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Gastronomic Delights of the Rhone Valley

By Amy Lively Jensen

“The Rhone Valley is known for its excellent wines. But I’ll let you in on a secret-we’ve got the best food in the whole of France, too,” according to three-Michelin-starred chef Anne-Sophie Pic. Top chefs from around the world agree with this assessment. Exploring fine restaurants, chefs, Bouchons and chocolate in the Rhone Valley is both interesting and highly enjoyable. Although these represent a small sample of their wonderful gastronomic marvels, you can get ideas to enhance your visit to the Rhone Valley.

A great place to start your epicurean experience is with irresistible chocolate and a chocolate museum. Valrhona Chocolate, lauded by leading pastry chefs and discerning gourmets is celebrating 100 years of excellence. Located in the small village of Tain L’Hermitage in southeastern France, they are dedicated to creating unique, artisan quality chocolate with complex, balanced, and consistent flavors, as described on their website.

In honor of Valrhona’s 100th anniversary, they have created a Komuntu 80% chocolate. It was my honor to sample this chocolate, which is blended from cocoa beans from the four corners of the world. My palate rejoiced at the silkiness of intense dark bittersweet and roasted cocoa nib flavors. In addition to creating ambrosial chocolate, they are generous; Valrhona is giving 100% of the profits from Komuntu to their cocoa-producing partners.

As an innovator in chocolate making, Valrhona created a new type of chocolate in 2006. Blonde chocolate is different than white, milk or dark chocolate. Called Blond Dulcey, I found it to be extremely creamy and buttery, with a toasty caramel flavor and a touch of salt. My final treat was Strawberry Inspiration. It is 38% cocoa and tangy strawberry. I’ve never experienced a zesty combination of flavors like this.
This unique French chocolate is used at Michelin-starred restaurants around the world. Chef Manguy from Pessac says, “I have been using Valrhona Chocolate since I started my career 23 years ago. Not only am I using the best ingredients for my pastries, but most importantly, I have chosen a provider that shares my values and cares about others, cocoa growers and the environment.”

My craving for chocolate was satiated at Valrhona’s bountiful gift shop where I sampled so many types of chocolate that I was nearly in a chocolate coma. It is a chocoholic’s dream.

Of course, I loved the chocolate, but was also fascinated by their Cite du Chocolat, a museum which covers nearly every aspect of chocolate. Here you’ll have sensory experiences-tactile, olfactory, taste, audio and visual. They have interactive displays, a virtual journey through a plantation, children’s games, samples throughout, and a chocolate tasting. Chef Patt from Valence visited the museum with his kids. “I learned so much about chocolate. It was amazing. We all loved the experience; they make it super fun and interactive,” he explained.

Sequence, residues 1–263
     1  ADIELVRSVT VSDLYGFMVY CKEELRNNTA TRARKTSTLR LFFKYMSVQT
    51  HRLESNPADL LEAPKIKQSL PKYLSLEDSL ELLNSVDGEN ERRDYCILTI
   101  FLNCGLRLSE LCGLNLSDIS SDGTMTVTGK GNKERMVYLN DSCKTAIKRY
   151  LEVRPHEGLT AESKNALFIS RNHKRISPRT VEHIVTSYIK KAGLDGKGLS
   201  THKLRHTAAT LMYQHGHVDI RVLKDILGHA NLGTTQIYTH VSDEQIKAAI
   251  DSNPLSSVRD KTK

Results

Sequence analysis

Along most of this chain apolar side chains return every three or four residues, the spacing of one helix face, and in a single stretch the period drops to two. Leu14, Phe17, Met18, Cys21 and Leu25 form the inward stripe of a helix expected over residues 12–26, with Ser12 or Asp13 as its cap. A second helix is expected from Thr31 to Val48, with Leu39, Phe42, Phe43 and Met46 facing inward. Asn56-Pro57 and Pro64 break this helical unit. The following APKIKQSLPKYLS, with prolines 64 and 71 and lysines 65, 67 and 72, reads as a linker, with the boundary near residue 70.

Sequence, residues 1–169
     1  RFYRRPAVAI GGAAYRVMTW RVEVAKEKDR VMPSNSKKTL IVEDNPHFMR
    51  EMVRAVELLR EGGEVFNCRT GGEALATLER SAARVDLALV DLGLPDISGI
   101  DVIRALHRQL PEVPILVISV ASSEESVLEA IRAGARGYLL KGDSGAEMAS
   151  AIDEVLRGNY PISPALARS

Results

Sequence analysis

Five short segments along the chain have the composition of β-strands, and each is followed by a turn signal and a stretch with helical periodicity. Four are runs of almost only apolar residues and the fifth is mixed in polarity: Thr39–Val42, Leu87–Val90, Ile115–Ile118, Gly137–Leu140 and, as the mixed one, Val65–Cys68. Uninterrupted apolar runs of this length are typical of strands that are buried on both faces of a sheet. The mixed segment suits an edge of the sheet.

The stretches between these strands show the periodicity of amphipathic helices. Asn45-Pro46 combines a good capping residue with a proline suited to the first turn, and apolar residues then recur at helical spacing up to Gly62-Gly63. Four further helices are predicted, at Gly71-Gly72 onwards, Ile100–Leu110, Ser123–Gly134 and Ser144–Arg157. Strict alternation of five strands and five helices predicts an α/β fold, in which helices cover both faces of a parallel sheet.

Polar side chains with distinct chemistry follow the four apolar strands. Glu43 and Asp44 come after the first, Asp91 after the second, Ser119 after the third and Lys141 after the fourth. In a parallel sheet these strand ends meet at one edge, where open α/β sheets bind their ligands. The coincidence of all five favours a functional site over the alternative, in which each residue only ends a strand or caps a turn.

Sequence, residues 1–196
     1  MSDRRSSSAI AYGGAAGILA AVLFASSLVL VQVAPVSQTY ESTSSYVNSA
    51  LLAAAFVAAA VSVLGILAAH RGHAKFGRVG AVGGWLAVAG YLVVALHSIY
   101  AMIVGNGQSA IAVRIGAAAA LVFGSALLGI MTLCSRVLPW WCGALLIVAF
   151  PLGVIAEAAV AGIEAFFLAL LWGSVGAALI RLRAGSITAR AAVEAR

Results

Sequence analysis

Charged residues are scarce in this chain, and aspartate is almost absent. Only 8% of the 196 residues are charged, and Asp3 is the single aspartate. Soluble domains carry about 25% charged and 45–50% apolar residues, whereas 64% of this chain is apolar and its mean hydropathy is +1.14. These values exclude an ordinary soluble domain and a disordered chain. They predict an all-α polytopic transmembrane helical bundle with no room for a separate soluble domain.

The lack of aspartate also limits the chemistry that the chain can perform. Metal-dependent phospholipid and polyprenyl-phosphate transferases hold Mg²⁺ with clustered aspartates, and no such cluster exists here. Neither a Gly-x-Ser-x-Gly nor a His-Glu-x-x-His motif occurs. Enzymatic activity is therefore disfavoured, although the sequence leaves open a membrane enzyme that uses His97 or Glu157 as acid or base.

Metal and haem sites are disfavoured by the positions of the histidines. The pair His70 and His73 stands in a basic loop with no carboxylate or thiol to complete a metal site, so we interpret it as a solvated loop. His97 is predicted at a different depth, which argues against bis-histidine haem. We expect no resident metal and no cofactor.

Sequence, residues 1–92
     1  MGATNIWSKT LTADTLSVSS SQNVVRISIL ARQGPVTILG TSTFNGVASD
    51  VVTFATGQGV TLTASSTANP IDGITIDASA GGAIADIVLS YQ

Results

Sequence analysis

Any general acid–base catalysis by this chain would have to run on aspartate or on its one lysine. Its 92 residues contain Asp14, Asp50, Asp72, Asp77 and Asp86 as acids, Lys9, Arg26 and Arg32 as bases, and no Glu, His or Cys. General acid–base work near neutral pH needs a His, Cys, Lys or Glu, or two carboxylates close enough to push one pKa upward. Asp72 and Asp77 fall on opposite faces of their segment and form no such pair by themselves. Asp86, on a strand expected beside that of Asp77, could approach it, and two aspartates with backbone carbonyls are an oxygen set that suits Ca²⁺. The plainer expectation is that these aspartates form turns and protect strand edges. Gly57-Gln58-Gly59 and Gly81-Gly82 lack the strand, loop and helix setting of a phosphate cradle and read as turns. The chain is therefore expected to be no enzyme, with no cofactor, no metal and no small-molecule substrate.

With all the amazing food in France, there is only one city that earns the title of “The Capital of Gastronomy”: Lyon. Located in southeastern France, Lyon is blessed with an incredibly diverse range of food. With more than 4,000 restaurants, you can find cuisines to suit all taste buds and all budgets. There are typical Lyonnais restaurants called Bouchons, to Michelin-starred restaurants, along with modern bistros and hundred-year-old brasseries. If you have an unlimited bank account, you can eat at the whopping 17 Michelin-starred establishments.

Legendary chefs created culinary traditions, which live on thanks to a new generation of talented and creative chefs. An important element of the history of gastronomy was started here by The Mothers of Lyon. They were local female chefs who set up their own restaurants in the 18th century. Incorporating their regional roots, they helped create the foundation of modern French cuisine. Perhaps the most celebrated of The Mothers of Lyon was Eugenie Brazier. She was an exceptional chef and was the first person and woman to earn three Michelin stars at two different restaurants. This record remained until 2009. At age 26, she purchased La Mere Brazier in Lyon for a handful of francs. This young farmer won over the palates of the finest gourmets at the time. Her legend endures at this iconic restaurant. Her traditions are kept alive with iconic dishes. Michelin reviews praise their haute cuisine including crispy pike bread and a stunning Grand Marnier soufflé.

Another renowned chef based in Lyon was Paul Bocuse. He is famous for introducing and championing a lighter style of French cooking in France and around the world. He followed in the footsteps of seven generations of chefs. He started his cooking career at age eight, making his first serious dish of veal kidneys with pureed potatoes. Bocuse was named “Chef of the Century” and “Pope of Gastronomy” in 1989.